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Understanding the Differences Between S and C Corporations
There are significant tax savings of an S Corp over a C Corp largely because of how these two entities are taxed. C Corporations pay taxes on profits and shareholders of a C Corporation pay income taxes on distributions from the Corporation. S Corporation shareholders (limited to 100) are exempt from corporate tax payments on the federal level, paying taxes only on the personal level.
S Corporations distribute their income as a profit to the owners of the company while an S Corporation may distribute the money as salaries or as capital gains. Another significant difference is that an S Corporation is not required to pay Medicare or Social Security taxes on dividends while C Corporations are required to pay both. If an S Corp shareholder also receives wages on top of dividends, then both Social Security and Medicare taxes are applicable along with federal, state and local taxes.
In general, once a corporation has filed the required forms for S Corporation status from the Internal Revenue Service, each state treats the income in much the same way for state tax purposes. There are, however, exceptions to this rule including the District of Columbia, New Hampshire, and Tennessee. Other states such as Michigan, California, New Jersey and New York also levy special taxes on businesses that can result in them being subjected to the double taxation they sought to avoid by declaring S Corporation status.
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Declaring S Corporation Status
For a company to be considered an S Corporation, they must file the appropriate forms with the Internal Revenue Service. Failure to file Form 2553 in a timely manner will make the entity a C Corporation and as a result, not see the tax savings of an S corp over a C corp. The instructions for Form 2553 state "To be an S corporation beginning with its first tax year, the corporation must file Form 2553 during the period that begins January 7 and ends March 21." This means that the sooner the filing occurs, the more likely that a corporation can reap the tax benefits. It is also important to note that the IRS will acknowledge receipt and they will issue a decision as to the acceptance of the declaration. Forms must contain the appropriate signatures and information or they will not be considered to have been filed on time.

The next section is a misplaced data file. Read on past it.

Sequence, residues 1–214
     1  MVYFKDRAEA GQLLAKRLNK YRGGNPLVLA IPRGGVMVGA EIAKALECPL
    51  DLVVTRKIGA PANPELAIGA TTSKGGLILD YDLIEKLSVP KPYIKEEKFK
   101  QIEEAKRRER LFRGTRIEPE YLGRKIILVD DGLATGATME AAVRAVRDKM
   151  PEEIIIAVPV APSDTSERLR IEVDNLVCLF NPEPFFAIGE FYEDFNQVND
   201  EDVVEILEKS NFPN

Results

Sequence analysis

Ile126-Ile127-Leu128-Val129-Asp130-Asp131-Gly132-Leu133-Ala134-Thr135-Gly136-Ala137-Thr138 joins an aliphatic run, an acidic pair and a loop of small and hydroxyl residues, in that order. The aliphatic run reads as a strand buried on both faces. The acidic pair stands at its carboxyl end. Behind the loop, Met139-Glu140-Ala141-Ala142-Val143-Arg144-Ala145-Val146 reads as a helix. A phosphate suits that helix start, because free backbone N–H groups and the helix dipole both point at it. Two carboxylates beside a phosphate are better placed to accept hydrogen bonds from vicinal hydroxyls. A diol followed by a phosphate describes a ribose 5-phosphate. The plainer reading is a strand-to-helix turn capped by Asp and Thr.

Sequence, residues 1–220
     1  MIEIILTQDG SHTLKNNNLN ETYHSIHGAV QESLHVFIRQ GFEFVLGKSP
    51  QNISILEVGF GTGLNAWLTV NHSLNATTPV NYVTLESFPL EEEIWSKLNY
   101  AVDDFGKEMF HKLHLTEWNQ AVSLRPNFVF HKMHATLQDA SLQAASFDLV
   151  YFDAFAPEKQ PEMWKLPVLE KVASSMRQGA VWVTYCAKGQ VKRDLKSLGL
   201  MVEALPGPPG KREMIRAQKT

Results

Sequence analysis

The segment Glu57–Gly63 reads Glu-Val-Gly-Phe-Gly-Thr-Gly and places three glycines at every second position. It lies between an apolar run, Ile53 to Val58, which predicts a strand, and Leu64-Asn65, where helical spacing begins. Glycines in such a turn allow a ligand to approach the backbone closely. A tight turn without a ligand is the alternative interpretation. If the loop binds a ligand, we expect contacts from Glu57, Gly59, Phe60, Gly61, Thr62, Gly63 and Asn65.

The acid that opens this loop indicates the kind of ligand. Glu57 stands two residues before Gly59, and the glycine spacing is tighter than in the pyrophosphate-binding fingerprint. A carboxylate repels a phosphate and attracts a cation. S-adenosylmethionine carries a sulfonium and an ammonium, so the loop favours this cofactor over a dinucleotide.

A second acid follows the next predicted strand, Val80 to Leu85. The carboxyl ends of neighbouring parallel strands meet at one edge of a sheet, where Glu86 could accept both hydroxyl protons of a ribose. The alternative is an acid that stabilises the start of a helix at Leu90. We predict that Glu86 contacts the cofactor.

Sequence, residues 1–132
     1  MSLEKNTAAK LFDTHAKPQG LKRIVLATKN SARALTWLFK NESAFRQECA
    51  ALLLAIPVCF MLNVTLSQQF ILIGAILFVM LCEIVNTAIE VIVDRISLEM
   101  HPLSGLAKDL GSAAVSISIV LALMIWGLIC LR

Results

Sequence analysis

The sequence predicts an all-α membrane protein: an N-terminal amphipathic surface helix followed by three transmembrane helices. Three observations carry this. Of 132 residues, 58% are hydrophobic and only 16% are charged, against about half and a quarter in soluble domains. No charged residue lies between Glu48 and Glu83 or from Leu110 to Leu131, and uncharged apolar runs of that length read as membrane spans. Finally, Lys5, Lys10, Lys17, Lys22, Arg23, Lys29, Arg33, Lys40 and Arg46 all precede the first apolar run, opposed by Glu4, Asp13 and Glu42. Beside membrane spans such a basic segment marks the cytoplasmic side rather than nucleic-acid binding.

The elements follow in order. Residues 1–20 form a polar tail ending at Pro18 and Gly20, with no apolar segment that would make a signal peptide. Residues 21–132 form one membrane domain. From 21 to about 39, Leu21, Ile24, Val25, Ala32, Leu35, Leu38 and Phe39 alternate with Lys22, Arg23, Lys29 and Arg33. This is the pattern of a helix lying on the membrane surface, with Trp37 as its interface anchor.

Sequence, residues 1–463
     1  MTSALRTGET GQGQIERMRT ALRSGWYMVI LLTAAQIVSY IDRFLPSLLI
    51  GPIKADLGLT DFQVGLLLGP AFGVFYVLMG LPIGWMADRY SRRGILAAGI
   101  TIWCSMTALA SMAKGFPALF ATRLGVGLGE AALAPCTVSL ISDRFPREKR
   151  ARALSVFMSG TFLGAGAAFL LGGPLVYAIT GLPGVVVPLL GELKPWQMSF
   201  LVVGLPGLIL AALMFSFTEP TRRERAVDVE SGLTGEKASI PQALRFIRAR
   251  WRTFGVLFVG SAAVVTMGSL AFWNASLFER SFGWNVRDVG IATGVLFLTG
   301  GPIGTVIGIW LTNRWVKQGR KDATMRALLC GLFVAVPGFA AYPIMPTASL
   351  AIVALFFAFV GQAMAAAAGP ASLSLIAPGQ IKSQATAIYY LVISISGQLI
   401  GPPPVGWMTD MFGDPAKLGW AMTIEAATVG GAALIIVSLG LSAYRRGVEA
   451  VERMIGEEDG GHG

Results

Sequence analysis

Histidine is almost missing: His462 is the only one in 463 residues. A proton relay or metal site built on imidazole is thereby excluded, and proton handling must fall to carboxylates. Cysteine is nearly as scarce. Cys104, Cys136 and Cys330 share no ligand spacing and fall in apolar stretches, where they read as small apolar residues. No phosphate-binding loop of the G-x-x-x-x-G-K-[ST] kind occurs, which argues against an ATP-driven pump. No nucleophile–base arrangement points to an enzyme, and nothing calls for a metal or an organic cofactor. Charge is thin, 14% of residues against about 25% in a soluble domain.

Why Filing Form 2553 Is Important
An S Corporation is allowed to pass all income from the operation through to the shareholders of the corporation. While the restrictions on who may participate in an S Corporation are strictly adhered to, the S Corporation tax liability for federal taxes is significantly different from that of a C Corporation, C Corporations are taxed on all earnings. S Corporation taxes are "pass through income" and the income is taxed at the personal level for all company owners. All business losses are also passed through to the owners of the corporation.
Auditing of S Corporations
Those who file for S Corporation status need to understand that this declaration does not prevent them from being audited. The Kauffman Foundation reports that because of the number of S Corporation declarations, the IRS has developed a policy of randomly auditing S Corporations.
New business owners will need to decide what type of business entity they wish to use for their business. Whether a business elects an S Corporation designation or they elect C Corporation status, there are certain considerations to be aware of. In addition, the corporation owners as well as the potential financial consequences vary between these two structures. In many cases, the tax savings of an S Corp over a C Corp will make the S Corporation designation more beneficial to small business owners.
Disclaimer: All persons who are interested in starting a business should consult with their legal and tax professionals to determine the most advantageous entity for their individual purposes. This article is for informational purposes only.
- S Corporations explained: http://www.scorporationsexplained.com/how-do-states-treat-s-corporations.htm
- IRS Logo: By United States Department of the Treasury via Wikimedia Commons Public Domain
- Questions: Purchased via Istockphoto.com author skvoor
- Internal Revenue Service:
S Corporations: http://www.irs.gov/businesses/small/article/0,,id=98263,00.html
- Max Filings: http://www.maxfilings.com/incorporation-knowledge-center/differences-between-c-corporations-s-corporations.php